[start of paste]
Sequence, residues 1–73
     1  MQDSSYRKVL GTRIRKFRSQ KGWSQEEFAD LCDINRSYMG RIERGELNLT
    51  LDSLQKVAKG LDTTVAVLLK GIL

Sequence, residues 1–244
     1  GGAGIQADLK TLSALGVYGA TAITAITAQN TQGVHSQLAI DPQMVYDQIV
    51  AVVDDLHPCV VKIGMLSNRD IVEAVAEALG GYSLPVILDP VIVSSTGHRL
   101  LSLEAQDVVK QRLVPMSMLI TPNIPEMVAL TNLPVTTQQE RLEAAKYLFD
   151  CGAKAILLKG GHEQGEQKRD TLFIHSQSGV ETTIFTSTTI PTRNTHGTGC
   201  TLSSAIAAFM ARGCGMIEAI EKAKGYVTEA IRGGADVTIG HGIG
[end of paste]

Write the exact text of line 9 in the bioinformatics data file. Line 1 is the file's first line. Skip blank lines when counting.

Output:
   201  TLSSAIAAFM ARGCGMIEAI EKAKGYVTEA IRGGADVTIG HGIG